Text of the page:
Global Blue’s partners all advertise heavily in China to attract tourist spending, said Clark. “We have a website in China which is approved by the Chinese government, so it will appear on web searches. We basically host microsites that are translated in to Mandarin for retailers,” he added. “We have over one million unique views per month on the website, and three quarters of that is from the Chinese using our website to plan their shopping trips; they can go through the different brands, the locations, and actually create an itinerary they can print out or save.”

Global Blue also runs a China-focused social media department. “What we have found is that word of mouth is stronger than an authority telling them something. So we work with our bloggers in China to follow the trends and watch what’s going on.”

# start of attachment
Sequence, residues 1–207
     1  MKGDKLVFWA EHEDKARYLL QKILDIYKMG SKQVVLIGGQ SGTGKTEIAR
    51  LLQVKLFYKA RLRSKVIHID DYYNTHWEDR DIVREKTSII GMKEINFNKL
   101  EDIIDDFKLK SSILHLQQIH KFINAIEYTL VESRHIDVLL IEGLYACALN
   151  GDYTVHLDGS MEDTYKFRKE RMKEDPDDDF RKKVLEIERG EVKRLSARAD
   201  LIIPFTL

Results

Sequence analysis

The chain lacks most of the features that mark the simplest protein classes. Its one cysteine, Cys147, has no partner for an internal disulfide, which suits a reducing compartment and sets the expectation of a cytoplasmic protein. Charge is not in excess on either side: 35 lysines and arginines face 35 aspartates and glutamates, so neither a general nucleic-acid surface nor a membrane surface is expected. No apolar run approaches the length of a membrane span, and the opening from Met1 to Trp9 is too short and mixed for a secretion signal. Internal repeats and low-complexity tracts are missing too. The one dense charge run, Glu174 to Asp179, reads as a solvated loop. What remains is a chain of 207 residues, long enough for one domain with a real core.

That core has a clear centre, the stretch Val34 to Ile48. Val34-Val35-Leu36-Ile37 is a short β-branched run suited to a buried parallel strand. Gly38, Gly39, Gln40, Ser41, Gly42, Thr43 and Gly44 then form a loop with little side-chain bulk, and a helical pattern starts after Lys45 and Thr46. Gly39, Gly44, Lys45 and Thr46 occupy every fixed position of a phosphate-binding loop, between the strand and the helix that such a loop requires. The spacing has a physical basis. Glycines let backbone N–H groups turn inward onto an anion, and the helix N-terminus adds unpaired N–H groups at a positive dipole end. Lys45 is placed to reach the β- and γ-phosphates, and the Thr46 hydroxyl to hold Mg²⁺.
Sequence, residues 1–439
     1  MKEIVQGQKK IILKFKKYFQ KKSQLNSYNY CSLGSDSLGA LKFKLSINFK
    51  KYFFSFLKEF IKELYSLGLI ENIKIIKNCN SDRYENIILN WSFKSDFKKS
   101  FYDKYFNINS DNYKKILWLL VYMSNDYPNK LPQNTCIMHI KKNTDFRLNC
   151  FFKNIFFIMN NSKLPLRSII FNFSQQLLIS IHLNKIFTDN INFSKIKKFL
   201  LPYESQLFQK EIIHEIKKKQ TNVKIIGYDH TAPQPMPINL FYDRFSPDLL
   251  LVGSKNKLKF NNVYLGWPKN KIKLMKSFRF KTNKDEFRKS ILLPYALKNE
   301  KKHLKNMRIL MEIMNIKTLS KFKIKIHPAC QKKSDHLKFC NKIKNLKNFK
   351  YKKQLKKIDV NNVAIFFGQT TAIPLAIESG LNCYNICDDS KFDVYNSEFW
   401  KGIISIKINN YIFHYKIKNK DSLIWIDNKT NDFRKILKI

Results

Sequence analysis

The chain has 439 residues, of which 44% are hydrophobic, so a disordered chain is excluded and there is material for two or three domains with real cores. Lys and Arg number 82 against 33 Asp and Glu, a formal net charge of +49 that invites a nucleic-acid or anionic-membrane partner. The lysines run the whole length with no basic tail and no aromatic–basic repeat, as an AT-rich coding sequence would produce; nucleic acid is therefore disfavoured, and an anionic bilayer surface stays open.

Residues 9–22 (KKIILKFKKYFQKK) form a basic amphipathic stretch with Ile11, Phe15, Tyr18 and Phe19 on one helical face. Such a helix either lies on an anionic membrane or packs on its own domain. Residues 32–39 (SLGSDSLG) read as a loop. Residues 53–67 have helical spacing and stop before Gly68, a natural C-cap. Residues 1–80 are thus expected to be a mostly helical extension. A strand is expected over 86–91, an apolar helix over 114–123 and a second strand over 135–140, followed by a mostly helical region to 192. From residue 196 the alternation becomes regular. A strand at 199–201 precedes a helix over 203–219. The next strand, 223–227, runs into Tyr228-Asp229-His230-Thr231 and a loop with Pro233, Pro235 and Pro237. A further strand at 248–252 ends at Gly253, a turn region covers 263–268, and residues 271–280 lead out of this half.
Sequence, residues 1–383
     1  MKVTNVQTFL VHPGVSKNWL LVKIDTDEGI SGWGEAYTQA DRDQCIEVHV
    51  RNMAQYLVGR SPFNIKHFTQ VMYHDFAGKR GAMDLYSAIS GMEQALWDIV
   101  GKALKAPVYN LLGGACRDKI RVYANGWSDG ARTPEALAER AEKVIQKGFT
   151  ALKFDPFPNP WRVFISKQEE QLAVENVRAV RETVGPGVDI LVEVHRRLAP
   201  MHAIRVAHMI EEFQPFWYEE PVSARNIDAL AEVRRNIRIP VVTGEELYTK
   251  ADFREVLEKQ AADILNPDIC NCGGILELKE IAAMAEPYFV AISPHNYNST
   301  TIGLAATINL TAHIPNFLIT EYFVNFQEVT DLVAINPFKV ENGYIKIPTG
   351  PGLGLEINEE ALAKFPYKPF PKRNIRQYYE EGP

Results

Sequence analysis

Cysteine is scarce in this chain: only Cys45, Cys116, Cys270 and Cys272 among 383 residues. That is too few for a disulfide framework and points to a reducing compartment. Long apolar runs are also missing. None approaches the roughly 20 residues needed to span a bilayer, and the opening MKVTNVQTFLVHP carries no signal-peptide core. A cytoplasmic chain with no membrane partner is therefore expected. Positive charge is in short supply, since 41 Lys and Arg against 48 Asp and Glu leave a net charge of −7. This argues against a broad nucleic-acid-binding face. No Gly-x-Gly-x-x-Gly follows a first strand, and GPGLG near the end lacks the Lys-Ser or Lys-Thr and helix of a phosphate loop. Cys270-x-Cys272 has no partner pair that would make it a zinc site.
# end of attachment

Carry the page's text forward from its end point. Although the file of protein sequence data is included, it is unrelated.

Is the UK missing a trick?

In recent years, international spending by Chinese tourists has become crucial, not only to the balance sheets of luxury’s biggest players, but to the overall health of Europe’s national economies, as well. But not all countries are benefiting equally.

While 82 percent of Chinese visitors to Europe get a Schengen visa, which allows them to access twenty six different countries, including France and Italy, only seven percent of Chinese travellers bother getting the additional visa required for entry into the UK, said Clark. “If you look at Paris, to give you an example, last year they had over one million Schengen visas issued, so one million Chinese visitors to Paris, versus the 174,000 we believe came to the UK last year. Can you imagine the difference to the UK economy?”

Ward echoed Clark’s sentiments: “We have campaigned for simplifying visa requirements to enter the UK, which has been a major barrier to Chinese visitors. We recognise the issues the UK government faces over joining the Schengen group of countries, but we would still like to find a way to see greater access granted for our Chinese visitors, not just for benefits to the luxury industry, but for the British economy as a whole. Paris is seeing ten times more Chinese visitors than London, representing a big missed opportunity for us.”